Friday, March 30, 2012
Throw Away People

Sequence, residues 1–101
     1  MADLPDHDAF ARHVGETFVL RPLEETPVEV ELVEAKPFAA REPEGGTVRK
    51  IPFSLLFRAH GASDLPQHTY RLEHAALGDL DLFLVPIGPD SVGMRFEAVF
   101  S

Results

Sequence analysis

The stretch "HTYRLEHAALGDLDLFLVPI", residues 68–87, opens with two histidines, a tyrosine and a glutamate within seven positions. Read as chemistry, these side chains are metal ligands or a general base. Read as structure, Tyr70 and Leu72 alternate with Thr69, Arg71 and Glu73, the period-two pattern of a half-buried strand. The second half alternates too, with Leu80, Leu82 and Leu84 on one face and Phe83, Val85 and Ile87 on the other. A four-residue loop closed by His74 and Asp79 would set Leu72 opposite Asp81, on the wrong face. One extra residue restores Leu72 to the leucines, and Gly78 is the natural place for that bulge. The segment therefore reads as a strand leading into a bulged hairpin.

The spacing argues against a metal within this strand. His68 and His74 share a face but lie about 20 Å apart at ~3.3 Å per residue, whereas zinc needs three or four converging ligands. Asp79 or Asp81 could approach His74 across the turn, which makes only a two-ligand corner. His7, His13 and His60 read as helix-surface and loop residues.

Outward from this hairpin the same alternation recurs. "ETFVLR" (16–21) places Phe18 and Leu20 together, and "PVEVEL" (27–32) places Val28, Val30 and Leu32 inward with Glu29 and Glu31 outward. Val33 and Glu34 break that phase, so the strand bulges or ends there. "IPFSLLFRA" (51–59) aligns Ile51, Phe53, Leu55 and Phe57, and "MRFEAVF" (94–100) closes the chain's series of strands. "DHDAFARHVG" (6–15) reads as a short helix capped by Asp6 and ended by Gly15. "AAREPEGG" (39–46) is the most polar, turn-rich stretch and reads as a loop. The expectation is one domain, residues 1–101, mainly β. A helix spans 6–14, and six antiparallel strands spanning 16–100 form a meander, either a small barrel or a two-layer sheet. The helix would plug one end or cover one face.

When I was in my late teens, I worked at a grocery store deli. Behind the grocery store was a HUGE trash compactor which was probably 20ft long, 10 ft high and 10ft across. There was a 5ft high cement porch at the level of the door of that compactor, so it was easy just to drag the trash out the back door and push it in. The first night I started working there, the guy who trained me told me that before I pressed the button to compact the trash to make sure that there were no people in the compactor. He said that sometimes homeless people would be in there getting the food out. I was paranoid about crushing a person because I think that would be one of the worst ways to die. The grocery store was in a small town but in the poorer section. It was also next to the county jail, and one night a man escaped and ran behind the store with the police chasing him. After I had been working there for a couple of months, a stockboy pointed to an old man and woman and said that he had to yell at them to get out of the compactor. I recognized the couple as people who came in during the evenings asking if I could sell them something from the deli at a cheaper price. Usually, I was the only employee there at night and wasn’t sure, so I asked my manager and she said absolutely not. Her reasoning was that if we started selling food cheaper when we were closing, then many people would wait until the deli closed to come begging for cheaper food. Her solution, in fairness to everyone, was to throw the food away. Every day that I worked there I would throw away about 100lbs of food. I wasn’t allowed to take home any of the food either for free or discounted. Ironically, that store held food drives a few times a year.